Miscellaneous thought 1.

Yesterday, I had a conversation with a long time friend of mine.  When we stopped and calculated (which we don’t do very often), we realized that we have know each other since 1981.  We met at the first AEA (only it wasn’t AEA then) conference in Austin, TX.  I was a graduate student; my friend was a practicing professional/academic.  Although we were initially talking about other things evaluation; I asked my friend to look at an evaluation form I was developing.  I truly believe that having other eyes (a pilot if you will) view the document helps.  It certainly did in this case.  I feel really good about the form.  In the course of the conversation, my friend advocated strongly for a odd numbered scales.  My friend had good reasons, specifically

1) It tends to force more comparisons on the respondents; and

2)  if you haven’t given me a neutral  point I tend to mess up the scale on purpose because you are limiting my ability to tell you what I am thinking.

I, of course, had an opposing view (rule number 8–question authority).  I said, ” My personal preference is an even number scale to avoid a mid-point.  This is important because I want to know if the framework (of the program in question) I provided worked well with the group and a mid-point would provide the respondent with a neutral point of view, not a working or not working opinion.   An even number (in my case four points) can be divided into working and not working halves.  When I’m offered a middle point, I tend to circle that because folks really don’t want to know what I’m thinking.  By giving me an opt out/neutral/neither for or against option they are not asking my opinion or view point.”

Recently, I came across an aea365 post on just this topic.  Although this specific post was talking about Likert scales, it applies to all scaling that uses a range of numbers (as my friend pointed out).  The authors sum up their views with this comment, “There isn’t a simple rule regarding when to use odd or even, ultimately that decision should be informed by (a) your survey topic, (b) what you know about your respondents, (c) how you plan to administer the survey, and (d) your purpose. Take time to consider these four elements coupled with the advantages and disadvantages of odd/even, and you will likely reach a decision that works best for you.”  (Certainly knowing my friend like I do, I would be suspicious of responses that my friend submitted.)  Although they list advantages and disadvantages for odd and even responses, I think there are other advantages and disadvantages that they did not mentioned yet are summed up in their concluding sentence.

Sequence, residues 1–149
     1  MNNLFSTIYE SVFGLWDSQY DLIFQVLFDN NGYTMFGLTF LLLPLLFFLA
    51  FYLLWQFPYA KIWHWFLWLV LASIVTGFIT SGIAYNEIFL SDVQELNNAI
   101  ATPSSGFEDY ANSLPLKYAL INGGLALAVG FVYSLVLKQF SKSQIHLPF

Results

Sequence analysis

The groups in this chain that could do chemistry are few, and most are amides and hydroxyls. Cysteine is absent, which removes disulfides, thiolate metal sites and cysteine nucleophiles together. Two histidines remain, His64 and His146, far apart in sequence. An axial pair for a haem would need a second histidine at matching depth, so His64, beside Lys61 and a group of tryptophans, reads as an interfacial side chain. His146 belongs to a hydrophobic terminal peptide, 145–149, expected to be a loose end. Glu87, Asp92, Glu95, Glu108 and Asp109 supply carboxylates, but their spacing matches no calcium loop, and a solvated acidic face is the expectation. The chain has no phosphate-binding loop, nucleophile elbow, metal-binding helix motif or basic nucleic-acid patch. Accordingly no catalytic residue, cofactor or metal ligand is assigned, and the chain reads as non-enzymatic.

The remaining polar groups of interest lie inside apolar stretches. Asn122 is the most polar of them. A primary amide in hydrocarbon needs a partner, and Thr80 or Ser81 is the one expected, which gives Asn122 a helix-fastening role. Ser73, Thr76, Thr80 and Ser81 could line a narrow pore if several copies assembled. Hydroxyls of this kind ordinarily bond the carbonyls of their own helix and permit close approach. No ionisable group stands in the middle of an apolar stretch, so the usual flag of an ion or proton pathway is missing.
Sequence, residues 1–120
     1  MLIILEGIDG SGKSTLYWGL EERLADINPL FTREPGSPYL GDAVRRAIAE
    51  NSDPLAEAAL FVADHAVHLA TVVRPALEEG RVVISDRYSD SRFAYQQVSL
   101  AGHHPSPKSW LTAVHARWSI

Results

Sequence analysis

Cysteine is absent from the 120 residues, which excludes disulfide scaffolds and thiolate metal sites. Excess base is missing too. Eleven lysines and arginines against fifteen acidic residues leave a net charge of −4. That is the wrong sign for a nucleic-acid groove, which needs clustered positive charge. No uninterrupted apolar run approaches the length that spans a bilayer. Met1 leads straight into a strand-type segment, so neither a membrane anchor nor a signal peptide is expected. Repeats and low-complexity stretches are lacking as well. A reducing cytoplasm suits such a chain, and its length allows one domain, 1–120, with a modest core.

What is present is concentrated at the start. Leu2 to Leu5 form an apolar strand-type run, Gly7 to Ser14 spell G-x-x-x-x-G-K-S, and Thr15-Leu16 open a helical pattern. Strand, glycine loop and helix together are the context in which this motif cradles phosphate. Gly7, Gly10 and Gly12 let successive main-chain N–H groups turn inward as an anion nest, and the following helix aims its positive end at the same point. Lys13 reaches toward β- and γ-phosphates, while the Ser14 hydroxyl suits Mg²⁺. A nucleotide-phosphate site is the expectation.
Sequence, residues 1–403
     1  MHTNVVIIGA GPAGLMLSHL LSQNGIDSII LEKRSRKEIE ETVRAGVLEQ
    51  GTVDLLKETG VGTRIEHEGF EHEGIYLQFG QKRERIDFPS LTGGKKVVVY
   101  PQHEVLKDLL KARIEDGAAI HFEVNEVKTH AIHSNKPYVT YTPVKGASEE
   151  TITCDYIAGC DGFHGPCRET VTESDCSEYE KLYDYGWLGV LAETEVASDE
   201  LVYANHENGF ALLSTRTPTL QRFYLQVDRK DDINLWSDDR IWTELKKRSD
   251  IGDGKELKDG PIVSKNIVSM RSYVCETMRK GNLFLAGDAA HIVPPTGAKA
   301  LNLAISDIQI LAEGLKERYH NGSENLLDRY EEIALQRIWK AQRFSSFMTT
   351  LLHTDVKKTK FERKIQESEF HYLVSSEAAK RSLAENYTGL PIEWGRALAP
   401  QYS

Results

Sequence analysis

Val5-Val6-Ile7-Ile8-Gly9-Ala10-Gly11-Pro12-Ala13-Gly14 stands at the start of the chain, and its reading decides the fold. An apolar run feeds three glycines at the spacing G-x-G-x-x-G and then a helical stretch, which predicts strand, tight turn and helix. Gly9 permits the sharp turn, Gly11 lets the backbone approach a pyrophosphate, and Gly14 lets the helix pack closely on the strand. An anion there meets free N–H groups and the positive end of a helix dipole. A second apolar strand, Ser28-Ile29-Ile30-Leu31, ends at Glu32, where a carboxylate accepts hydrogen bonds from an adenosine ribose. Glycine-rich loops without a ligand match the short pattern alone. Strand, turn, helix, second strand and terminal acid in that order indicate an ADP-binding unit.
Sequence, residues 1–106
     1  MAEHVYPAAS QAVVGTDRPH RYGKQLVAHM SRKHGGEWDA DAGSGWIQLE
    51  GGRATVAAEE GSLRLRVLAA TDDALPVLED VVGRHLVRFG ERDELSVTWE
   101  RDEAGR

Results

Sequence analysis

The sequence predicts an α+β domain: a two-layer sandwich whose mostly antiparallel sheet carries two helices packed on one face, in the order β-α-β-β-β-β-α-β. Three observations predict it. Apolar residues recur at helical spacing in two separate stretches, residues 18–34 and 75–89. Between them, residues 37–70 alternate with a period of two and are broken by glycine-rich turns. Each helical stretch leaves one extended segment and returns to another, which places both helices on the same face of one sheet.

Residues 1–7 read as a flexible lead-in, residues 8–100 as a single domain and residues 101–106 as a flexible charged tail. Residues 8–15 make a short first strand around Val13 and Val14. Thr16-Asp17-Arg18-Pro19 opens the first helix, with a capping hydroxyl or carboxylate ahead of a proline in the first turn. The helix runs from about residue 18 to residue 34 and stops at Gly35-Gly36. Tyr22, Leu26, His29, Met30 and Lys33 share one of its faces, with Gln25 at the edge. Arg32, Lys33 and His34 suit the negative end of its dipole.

Miscellaneous thought 2.

I’m reading the new edition of Qualitative Data Analysis (QDA).  Qualitative data analysis ed. 3  This has always been my go to book for QDA and I was very sad when I learned that both of the original authors had died.  The new author, Johnny Saldana (who is also the author of The Coding Manual for Qualitative Researcherscoding manual--johnny saldana), talks (in the third person plural, active voice) about being a pragmatic realist.  That is an interesting concept.  They (because the new author includes the previous authors in his statement) say “that social phenomena exist not only in the mind but also in the world–and that some reasonably stable relationships can be found among the idiosyncratic messiness of life.”  Although I had never used those exact words before, I agree.  It is nice to know the label that applies to my world view.  Life is full of idiosyncratic messiness; probably why I think systems thinking is so important.  I’m reading this volume because I’ve been asked to write the review of one of my favorite books.  We will see if I can get through it between now and July 1 when the draft of the review is due.  Probably aught to pair it with Saldana’s other book; won’t happen between now and July 1.

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